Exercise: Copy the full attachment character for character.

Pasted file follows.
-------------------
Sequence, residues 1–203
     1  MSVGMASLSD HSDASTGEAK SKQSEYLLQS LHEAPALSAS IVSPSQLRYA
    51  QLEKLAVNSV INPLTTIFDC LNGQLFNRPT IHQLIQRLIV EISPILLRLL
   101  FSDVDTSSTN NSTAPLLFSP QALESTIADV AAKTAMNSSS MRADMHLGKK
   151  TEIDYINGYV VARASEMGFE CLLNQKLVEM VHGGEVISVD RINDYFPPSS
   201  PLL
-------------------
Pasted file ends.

Sequence, residues 1–203
     1  MSVGMASLSD HSDASTGEAK SKQSEYLLQS LHEAPALSAS IVSPSQLRYA
    51  QLEKLAVNSV INPLTTIFDC LNGQLFNRPT IHQLIQRLIV EISPILLRLL
   101  FSDVDTSSTN NSTAPLLFSP QALESTIADV AAKTAMNSSS MRADMHLGKK
   151  TEIDYINGYV VARASEMGFE CLLNQKLVEM VHGGEVISVD RINDYFPPSS
   201  PLL